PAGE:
[Editor’s note; In 2009, shortly after marrying her (first and only) husband, Paolo, Elizabeth Heath was diagnosed with premature menopause and resulting infertility. Paolo and Liz are now parents to a baby girl, Naomi. In this series, Liz recounts the couple’s struggle with infertility, and how they finally achieved a successful pregnancy and parenthood.]
By the time Paolo and I were together again, five months had passed. I moved to Italy May 2009, and settled into the often bumpy process of adjusting to a radically different life, all the while planning our wedding, which was set for September. Shortly after I arrived, we had our first visit with an Ob/Gyn in Orvieto, who was known for “getting women pregnant.” (Note: I don’t think this was meant to imply that he personally impregnated lots of women, but in Italy, one never knows.)
Our first pass at pregnancy was a treatment cycle with Clomid, the fertility drug I’d been reluctant to take in the U.S. Clomid acts to stimulate ovulation, and it is almost always the first line of attack when treating infertility. A 5-day cycle of Clomid usually produces one mature egg. A woman doing a Clomid cycle has periodic ultrasounds to monitor the development of the follicle, which contains the growing egg. In some cases, Clomid alone is used, but when there is a concern that the follicle will not release the egg (ovulate) for fertilization, then a “trigger shot” of HCG, or human chorionic gonadotropin in synthetic form is given.
HCG is a hormone normally produced after a fertilized egg has nestled into the uterine lining. It’s the hormone that causes the blue or pink line or plus sign to show up on a positive pregnancy test. When administered artificially, it triggers the follicle to release the mature egg, which will soon be met by an eager sperm. Together, if the mood is right, those two will make a baby.
So, with my baseless optimism still intact at this point, we ran the bases with Clomid. Five days of medication, ultrasound monitoring, a trigger shot of HCG in the butt, then orders from the doctor to wait about 36 hours before having sex (or “having a rapport,” as the Italians like to say). We did our part, and then waited to see if I got a period. And of course, I did.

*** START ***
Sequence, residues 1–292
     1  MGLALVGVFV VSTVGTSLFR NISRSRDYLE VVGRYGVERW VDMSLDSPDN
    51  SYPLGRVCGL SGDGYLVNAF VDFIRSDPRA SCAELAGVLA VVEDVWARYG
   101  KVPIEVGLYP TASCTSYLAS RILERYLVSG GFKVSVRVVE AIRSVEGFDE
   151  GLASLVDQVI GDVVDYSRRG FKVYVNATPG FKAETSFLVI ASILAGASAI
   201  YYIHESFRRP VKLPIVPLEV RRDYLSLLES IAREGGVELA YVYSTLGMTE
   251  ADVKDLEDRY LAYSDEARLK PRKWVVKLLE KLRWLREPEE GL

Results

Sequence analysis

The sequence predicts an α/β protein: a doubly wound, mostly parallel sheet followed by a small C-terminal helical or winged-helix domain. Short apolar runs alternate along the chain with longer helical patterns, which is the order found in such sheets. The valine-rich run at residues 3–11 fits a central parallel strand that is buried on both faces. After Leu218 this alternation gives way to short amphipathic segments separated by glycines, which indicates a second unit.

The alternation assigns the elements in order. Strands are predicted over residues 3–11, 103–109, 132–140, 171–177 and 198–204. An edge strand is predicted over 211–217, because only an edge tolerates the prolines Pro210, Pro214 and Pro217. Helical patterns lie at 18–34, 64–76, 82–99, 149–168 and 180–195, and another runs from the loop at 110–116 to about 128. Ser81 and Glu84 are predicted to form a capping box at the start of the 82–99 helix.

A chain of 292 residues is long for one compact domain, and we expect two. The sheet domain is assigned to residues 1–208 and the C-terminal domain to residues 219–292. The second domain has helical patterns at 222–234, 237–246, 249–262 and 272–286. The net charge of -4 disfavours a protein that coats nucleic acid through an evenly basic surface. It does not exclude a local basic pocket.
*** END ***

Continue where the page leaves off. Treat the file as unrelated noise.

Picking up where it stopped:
When we returned to the miracle worker Ob/Gyn, he recommended against another Clomid cycle, as he felt that with my FSH and LSH numbers, it would be an exercise in futility. Then he brought up the inevitable subject that I had been trying not to think about up until now: in vitro fertilization.
Briefly, in vitro fertilization, or IVF, involves the artificial stimulation of the ovaries to produce multiple eggs in a cycle. Those eggs are surgically removed, or “harvested” from the woman, and then put together in a lab (in vitro means in glass in Latin, but in medical terms, means a living organism grown in an artificial, non-organic environment) with the male partner’s or donor’s sperm. Once fertilized, the eggs are transferred into the woman’s uterus, with the hopes that one of them will take. The original “Test Tube Baby,” Louise Brown, born in 1978 in England, was the result of a successful pregnancy with IVF. A most extreme example of IVF (and irresponsible medical practice) is “Octomom” Nadya Suleman, who had eight of her fertilized eggs transferred, and all eight took. So, the process has been around for decades, and is a widely-used treatment for infertility.
I still hated the idea of taking handfuls of drugs and going through such extreme, nonorganic means of becoming pregnant. But as the reality of my barren ovaries became increasingly difficult to ignore, I had to come around to the idea.
The good news was that in Italy, in vitro fertilization is a free service, covered by the national healthcare plan. Free! That’s what a country with 0% population growth is willing to do to make more little Italians. The bad news was that IVF was only free for women aged 41 or younger. Older than that, and the success rates were simply too low to justify the state paying for the treatment. So at 42, I’d missed the cutoff point by a year. Ouch.
Still, IVF treatment in Italy, even when not covered by the health plan, costs a fraction of what it costs in the U.S. And by a fraction, I mean like less about 20% of what it costs in the U.S. The miracle worker Ob/Gyn who determined he could work no miracles on me referred us to an IVF clinic in Chianchiano, a city about 45 minutes from us. There, we soon learned, a cycle of IVF treatment cost 3500 euro, or about $4500—still a lot of money for us, but a bargain compared to U.S. prices.
By now, we were well into August. Paolo and I were already legally married, as we’d had a civil ceremony—required to continue my visa status—on August 1. Our church wedding—the “dog and pony show” as I referred to it then and still do—was set for September 19. So we figured we had some time to get the ball rolling with the IVF clinic. Except, we learned when we called, the lone doctor at the clinic had no room for new appointments in August and was on vacation the entire month of September. The soonest we could see her was early October.
So we waited, and waited some more. All the while, the Florida RE’s warning kept ringing in my ear: Every month that passed was like three or four for my withering ovaries. Tick Tock had never been such a nerve-wracking, heartbreaking sound.